RealTime IT News

Streaming Media Dispute Closer to Trial

A key ruling in a patent infringement suit involving porn sites could bring a court closer to deciding whether research outfit Acacia can dominate streaming media through use of patents.

Judge James Ware of the U.S. District Court for the Central District of California issued a Markman Order involving the case, which defines some of the terms used in a portfolio of patents owned by Acacia Technologies. The Markman process, known as claims construction, interprets the simple meaning of a patent's often-obfuscatory language. The judge defined some terms and asked to hear from expert witnesses to help him understand others.

Newport Beach, Calif.-based Acacia owns many patents, among them five that together define what it calls digital media transmission, or DMT. The company claims that its patents cover a wide variety of streaming media techniques, including audio and video on demand, over cable, satellite and the Internet. Acacia acquired the patents, issued in 1992, from the inventors.

In July 2003, it kicked off a licensing campaign by going after operators of porn sites that offer streaming media. While many of the larger companies, including Vivid Entertainment, paid to license the technology, a group of holdouts refused. The resulting lawsuit has been working its way through the court process.

The latest court order is an attempt to define the terms at issue. For example, the DMT patents cover transmission of digital data from "a remote location." The defendants deny that the term covers a Web server or transmission over the Internet.

In a conference call with investors held on Tuesday, CEO Paul Ryan said, "The court's ruling in our judgment makes it clear the scope of the patent does cover transmission of digital content over the Internet.

"Based on terms the judge defined," Ryan said, "we believe at least six claims are being infringed by the defendants."

The way the judge interpreted the patent in this suit bodes well for a similar suit Acacia said it plans to file against nine cable and satellite companies.

When Acacia surfaced with its claims of owning key patents on streaming media, the industry reacted with consternation and, initially, disbelief. Such "submarine" patents, as they are often called, are becoming commonplace in the industry, as are applications that were filed with the U.S. Patent & Trademark Office before use of the Internet became widespread with the dawn of the World Wide Web.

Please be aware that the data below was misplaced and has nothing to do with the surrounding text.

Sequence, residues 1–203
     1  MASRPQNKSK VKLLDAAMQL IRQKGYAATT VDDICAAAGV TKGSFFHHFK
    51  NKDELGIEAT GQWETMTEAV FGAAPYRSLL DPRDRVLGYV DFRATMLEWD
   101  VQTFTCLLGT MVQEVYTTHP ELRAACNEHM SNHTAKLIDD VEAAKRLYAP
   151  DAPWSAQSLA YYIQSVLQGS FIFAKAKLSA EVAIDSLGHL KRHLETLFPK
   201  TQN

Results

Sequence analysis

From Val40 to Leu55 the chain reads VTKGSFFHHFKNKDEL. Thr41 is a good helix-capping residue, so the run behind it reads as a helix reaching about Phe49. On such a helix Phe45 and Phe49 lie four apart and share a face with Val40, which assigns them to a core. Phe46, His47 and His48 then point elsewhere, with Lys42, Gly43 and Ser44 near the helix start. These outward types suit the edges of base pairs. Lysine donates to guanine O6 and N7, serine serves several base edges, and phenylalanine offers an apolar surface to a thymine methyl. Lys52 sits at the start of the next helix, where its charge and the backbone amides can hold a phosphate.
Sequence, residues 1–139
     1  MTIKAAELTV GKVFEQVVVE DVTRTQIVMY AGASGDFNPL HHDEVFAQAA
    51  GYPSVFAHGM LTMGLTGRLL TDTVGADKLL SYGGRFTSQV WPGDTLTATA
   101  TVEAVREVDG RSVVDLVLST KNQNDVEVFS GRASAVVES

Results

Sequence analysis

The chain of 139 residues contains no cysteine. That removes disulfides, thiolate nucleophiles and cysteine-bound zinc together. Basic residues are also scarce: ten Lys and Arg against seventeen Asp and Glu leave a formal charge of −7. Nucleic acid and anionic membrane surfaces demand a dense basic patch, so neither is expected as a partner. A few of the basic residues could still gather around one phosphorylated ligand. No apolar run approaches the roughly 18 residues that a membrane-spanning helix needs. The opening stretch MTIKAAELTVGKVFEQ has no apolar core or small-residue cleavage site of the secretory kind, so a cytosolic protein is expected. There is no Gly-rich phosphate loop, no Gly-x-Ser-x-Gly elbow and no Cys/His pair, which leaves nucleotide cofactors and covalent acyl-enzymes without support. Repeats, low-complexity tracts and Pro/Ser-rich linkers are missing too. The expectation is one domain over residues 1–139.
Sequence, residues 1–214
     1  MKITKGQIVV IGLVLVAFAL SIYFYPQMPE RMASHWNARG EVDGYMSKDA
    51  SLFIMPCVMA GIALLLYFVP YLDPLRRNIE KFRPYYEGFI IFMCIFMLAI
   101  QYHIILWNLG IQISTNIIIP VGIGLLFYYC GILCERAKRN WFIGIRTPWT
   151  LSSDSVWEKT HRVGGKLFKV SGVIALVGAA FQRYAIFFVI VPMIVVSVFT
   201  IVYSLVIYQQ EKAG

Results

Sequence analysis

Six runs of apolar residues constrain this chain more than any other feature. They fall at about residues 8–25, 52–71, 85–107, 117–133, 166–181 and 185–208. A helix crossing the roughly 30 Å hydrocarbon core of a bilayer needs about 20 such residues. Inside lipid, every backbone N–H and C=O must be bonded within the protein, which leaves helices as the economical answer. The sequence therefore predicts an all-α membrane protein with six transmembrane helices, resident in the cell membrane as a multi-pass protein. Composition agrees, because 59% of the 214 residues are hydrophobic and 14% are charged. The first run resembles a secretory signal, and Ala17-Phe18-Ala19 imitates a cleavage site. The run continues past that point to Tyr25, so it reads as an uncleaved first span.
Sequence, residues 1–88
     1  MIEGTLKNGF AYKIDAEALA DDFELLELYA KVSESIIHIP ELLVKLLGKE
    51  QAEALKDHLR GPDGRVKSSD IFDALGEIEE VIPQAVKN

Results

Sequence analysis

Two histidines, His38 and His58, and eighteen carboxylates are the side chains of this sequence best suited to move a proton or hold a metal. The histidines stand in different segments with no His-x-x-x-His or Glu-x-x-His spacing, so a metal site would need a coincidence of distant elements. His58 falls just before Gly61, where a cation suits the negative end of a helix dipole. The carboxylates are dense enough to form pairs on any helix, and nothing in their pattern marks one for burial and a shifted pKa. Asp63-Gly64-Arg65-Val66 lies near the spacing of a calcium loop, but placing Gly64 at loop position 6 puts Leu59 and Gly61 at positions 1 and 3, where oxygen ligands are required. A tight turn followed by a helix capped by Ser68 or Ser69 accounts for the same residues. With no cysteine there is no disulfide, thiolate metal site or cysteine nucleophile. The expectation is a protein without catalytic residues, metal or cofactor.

Critics complain that the patents are too broad and were awarded for obvious ideas. Acacia's DMT patent portfolio is a target of the Electronic Frontier Foundation's Patent Busting Project, and is named by the group as one of "the worst Internet and software-related patents in the U.S."

The EFF complains that the patents' owners are "threatening and filing suits against small businesses, individuals and nonprofits, not to mention the threats to free expression and innovation that each of them pose."

Also on the EFF's "ten most wanted" list are Amazon.com's one-click shopping patent and a 2001 patent awarded for the concept of paying with a credit card online.

The EFF said it plans to gather prior art, known in patent law parlance as earlier implementations of the idea or process under patent. Patents are supposed to be awarded to the first person who invented something, not to the first to apply for a patent. So, if a third party can show prior art, the USPTO will reexamine the patent and perhaps revoke it, a process that may ultimately go to federal appeals courts.

But finding "killer" prior art is not so easy, said Daniel Ravicher, executive director of the Public Patent Foundation, another non-profit that's pushing for change in the U.S. patent system. He believes that open calls for prior art seldom turn up anything useful.

"Identifying and determining the scope of a patent is such a convoluted process that most non-lawyers can't get a grasp on it. It's not as easy as reading the abstract," he said. And besides, "any kind of third-party prior art will usually be arguable."

The Acacia case's Markman Order -- and the suit itself -- are part of a high-stakes game of chicken playing out between Acacia and the streaming media industry. Acacia has warned that its license fees will keep rising as companies delay in signing licensing deals. Their targets must decide whether to take a chance on the court cases going against Acacia. The company claims it's inked 145 DMT licenses so far.

"[The suit] is giving some companies who've gotten letters the ability to realize they have a couple options, so they should sit this out and see what happens in the Markman hearings and other litigation," said Dan Rayburn, executive vice president of Streaming Media Inc., a media company focused on the sector. "I've spoken to quite a number of companies that were thinking of paying, but now they're not going to. They're going to wait and see what happens."